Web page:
Saturday, November 18, 2006
Censorship? Not Quite.
There’s a new movie out in the theaters. It’s about the Dixie Chicks and something to do with the fallout from their comments at a concert. That’s all I know about it because I don’t keep up with the Chicks. I agree that the Dixie Chicks exercised their "right to free speech." I have a problem with when and where they expressed their opinion.
The people attending that concert or any other concert did not pay their hard-earned money to hear the political opinions of the trio. They paid to be entertained. The Dixie Chicks have gained the publicity they have because of their talent as singers and musicians. To use that fame as a means for political posturing is inappropriate.
The Chicks want to let the world know how they feel about our presence in Iraq or our President? That's just fine. Hold a press conference. Put a link to "Our Political Stand" on their website. Write a song about it and let the fans decide. Start an organization with other like-minded celebrities. Give it a catchy name that leaves no doubt that their mission is not connected to their creative and artistic talents but rather, is to state and support their political views.
Using a concert stage, the Grammys, the Emmys or any other venue where the public is attending because of their appreciation of an artist or artists to state a political viewpoint is inappropriate. Imagine a speaker at the Democratic or Republican National Conventions breaking into song in order to showcase their artistic talents -- equally inappropriate.
The radio station owners who discontinued playing Dixie Chicks music and the fans who have turned their backs on the Chicks are expressing their opinion -- not intimidating and punishing or censoring the Chicks. They are voting with their dollars and that's what seems to work better than almost anything in our society.
Since the government has not restricted the Chick's ability to say what they think, it IS NOT censorship or a violation of the right to free speech. Screaming censorship seems to be an attempt to cloud the issue and undo the damage done to their fan base.
The radio station and music store owners who pulled the Dixie Chicks from their line-ups were either business owners who were doing what they thought was best for their business or they were individuals expressing their opinion. If the radio stations or music stores were state or government owned and they decided to pull the Chicks, well, I guess I would consider that censorship. They weren’t. They were privately owned and reacted to the comments of their customers. There are plenty of online stores where fans could buy the CDs and play them if they wanted to support the Dixie Chicks.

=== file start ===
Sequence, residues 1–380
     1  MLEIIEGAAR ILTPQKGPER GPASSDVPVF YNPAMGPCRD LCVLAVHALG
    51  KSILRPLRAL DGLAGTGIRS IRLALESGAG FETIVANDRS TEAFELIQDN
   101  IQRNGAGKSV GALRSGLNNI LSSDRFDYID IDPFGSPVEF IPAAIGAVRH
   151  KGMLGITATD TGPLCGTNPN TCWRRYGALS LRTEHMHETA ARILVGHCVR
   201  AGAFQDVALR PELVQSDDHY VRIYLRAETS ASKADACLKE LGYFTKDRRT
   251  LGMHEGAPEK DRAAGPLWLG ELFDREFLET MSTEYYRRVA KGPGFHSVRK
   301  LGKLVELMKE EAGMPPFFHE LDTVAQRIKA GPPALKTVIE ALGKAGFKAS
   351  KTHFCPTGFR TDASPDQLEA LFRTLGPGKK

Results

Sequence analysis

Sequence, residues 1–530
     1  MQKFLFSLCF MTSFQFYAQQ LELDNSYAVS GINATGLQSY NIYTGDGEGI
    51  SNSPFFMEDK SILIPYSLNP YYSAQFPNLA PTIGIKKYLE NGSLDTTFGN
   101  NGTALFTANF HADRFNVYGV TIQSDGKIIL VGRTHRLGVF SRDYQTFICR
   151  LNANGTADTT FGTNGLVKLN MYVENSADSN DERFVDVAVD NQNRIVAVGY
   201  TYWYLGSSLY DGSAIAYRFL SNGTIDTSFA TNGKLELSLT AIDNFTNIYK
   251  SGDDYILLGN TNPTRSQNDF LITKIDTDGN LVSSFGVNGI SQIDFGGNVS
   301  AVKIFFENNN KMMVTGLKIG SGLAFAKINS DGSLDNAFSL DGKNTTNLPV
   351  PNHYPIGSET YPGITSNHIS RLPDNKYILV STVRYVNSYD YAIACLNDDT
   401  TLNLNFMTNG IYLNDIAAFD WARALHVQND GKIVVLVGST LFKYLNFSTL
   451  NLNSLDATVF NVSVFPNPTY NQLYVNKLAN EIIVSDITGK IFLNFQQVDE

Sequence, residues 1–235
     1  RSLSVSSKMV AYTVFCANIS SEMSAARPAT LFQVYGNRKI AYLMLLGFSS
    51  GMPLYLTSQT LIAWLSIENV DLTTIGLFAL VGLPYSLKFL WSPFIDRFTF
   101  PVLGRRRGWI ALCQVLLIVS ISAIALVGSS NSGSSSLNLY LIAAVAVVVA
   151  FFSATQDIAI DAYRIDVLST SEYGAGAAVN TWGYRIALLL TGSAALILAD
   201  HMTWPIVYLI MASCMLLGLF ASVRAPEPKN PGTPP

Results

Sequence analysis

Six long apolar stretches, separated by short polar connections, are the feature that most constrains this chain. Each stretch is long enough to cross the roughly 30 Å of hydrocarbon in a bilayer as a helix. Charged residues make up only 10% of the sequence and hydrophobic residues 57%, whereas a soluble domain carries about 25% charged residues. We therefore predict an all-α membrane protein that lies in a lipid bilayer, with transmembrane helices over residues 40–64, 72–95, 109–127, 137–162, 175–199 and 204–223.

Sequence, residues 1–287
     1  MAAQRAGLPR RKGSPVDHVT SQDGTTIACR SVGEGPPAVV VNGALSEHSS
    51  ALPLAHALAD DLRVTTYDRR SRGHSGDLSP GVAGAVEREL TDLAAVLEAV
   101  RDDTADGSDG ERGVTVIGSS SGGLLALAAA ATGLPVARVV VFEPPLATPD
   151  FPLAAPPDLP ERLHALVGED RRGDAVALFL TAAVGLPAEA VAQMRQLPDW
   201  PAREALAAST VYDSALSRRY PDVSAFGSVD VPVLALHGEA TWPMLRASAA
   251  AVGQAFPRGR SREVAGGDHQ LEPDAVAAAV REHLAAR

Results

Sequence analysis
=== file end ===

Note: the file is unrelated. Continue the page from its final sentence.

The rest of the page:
While I don’t identify with any political party, that’s not to say that I don’t have strong political beliefs on a number of subjects. I just keep my politics and my entertainment separate. When I go to a concert or listen to the radio or play a CD, it’s a kind of therapy for me. Music helps me escape from the stress of my everyday life or deal with emotion. With entertainment awards shows on the rare occasion I watch them, I’m there for escape. It’s light. It’s fluffy. I don’t want to hear about politics from entertainers. I’ll read the news for that. I’ll discuss the issues with enlightened, intelligent people who are willing to accept that their viewpoint isn’t the only one. Don’t sucker me in by making me think I’m going to be entertained only to blindside me with some political bullshit that’s going to raise my blood pressure. I don’t care if you’re spouting something I agree with or not. I don’t want to think about politics while I’m escaping for a little fun.